Someone asked about what we should do about Wikileaks. Kucinich recommended three things: (1) Get Bradley Manning out of solitiary confinement. (2) Government has too many secrets, but they know too much about us. (3) How on earth does a mere private in the Army get such delicate information?

What to do about the Supreme Court ruling in Citizens’ Unitied? We need a constitutional amendment requiring only public financing of elections.

How can we save the women of Afghanistan from the Taliban? “1. By not bombing them. 2. It’s the responsibility of the international community.”

Someone said to Kucinich, “I disagree with your backing down on the single-payer issue;” — voting for Obama’s health care bill, despite it’s lack of even a public option) — “I think for-profit health care is a disgrace.” Kucinich explained that it was a very difficult decision. He spent an hour on Air Force One with the President. Kucinich thought of the children who would benefit from some of the regulations in the new health care law.

Kucinich ended with some touch-feely talk about our need to realize human potential. That we’re all interconnected and All One. Comprehension of human unity.

Note on my companions

My companions — two women and a man, all middle aged like me — are a bit to the left of me politically. Unlike me, they are 9/11 truthers. Oddly, the guy is a supporter of President Obama, saying that we ought give him a chance. It’s sad, he said, that Wisconsin went Republican, but Democrats didn’t turn out to vote. (Golly, I wonder why.)

Our political differences led to some lively discussions, including raised voices, though no angry outbursts. We continued debate about 9/11 via emails.

Does Environmentalism Create Any Economic Benefits?

My friend Pat Rasmussen sent me a link to the Center for Biological Diversity. Pat does some great work with temperate rainforests and works with so many groups in the Puget Sound area on forestry, sustainability and environmental issues. It’s an honor to know Pat.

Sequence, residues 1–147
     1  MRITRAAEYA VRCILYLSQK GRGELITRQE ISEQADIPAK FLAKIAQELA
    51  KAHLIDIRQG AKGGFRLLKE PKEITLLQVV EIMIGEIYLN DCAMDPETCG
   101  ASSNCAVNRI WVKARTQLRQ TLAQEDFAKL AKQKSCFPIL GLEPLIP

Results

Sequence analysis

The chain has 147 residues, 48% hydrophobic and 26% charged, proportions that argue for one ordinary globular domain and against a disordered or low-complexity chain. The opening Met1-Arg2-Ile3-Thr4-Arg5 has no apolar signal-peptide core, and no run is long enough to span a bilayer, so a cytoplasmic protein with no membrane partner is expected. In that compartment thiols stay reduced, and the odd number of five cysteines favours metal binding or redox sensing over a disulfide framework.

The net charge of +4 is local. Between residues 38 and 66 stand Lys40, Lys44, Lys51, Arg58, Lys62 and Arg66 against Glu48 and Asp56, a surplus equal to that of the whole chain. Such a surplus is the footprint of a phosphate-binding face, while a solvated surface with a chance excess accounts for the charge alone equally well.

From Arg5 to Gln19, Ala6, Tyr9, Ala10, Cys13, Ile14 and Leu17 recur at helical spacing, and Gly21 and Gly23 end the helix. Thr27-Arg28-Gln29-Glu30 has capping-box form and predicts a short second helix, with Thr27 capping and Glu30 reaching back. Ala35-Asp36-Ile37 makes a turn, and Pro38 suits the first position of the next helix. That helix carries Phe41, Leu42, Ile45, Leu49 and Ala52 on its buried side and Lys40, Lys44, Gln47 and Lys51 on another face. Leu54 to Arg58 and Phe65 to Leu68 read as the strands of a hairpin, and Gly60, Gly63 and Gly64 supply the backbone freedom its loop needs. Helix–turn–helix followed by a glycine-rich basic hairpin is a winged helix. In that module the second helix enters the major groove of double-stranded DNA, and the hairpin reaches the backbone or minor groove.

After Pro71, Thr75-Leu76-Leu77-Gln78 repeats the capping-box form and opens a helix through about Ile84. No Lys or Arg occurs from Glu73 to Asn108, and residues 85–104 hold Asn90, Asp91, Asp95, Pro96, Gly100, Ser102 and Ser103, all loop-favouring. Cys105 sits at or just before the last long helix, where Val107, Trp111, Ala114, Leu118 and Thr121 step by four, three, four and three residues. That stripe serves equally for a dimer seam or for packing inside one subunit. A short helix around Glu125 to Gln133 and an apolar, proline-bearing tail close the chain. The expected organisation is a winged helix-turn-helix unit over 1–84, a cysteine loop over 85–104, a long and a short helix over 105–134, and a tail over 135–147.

The link contains the NYT story about how the Clean Air Act will yield 2 trillion in benefits. It’s also saving lives. Does government regulation work? Yes, it does. Is it necessary? I say yes, though I know that Monsanto, BP, and Enron say it is a waste of precious public dollars and that we can trust the market place. Each of us will need to make some decisions. One thing we can count on is that automated pod people will show up in the comments suggesting that Monsanto et al have done so much for us.

Environmental activism and civil disobedience has costs. And while the benefits of environmentalism accrue to all, the costs apply to individuals.

Here is a link/suggestion from the Olympia Movement for Justice and Peace list serv this morning that informed that Tim DeChristopher was found guilty this past week and faces up to 10 years in jail for making a fake bid in an oil and gas auction.

Will Potter at Green is the New Red has the DeChristopher story.

EOI on public employee compensation

Conservatives are slashing state budgets, as well as tax rates for the well-to-do. They’re blaming budget problems on the alleged high pay of public employees.

This report from the Economic Opportunity Institute exposes some of the myths about public employee compensation.

Wages of public employees are typically lower than those of people working in
private companies with similar levels of education and work experience.
Nonetheless, critics frequently point to better benefits in the public sector, and
advocate cutting public employee pension, health, and other benefits.

However, even with better benefits calculated into the equation, a number of
analyses have found that public employees receive less total compensation
than their private sector peers.2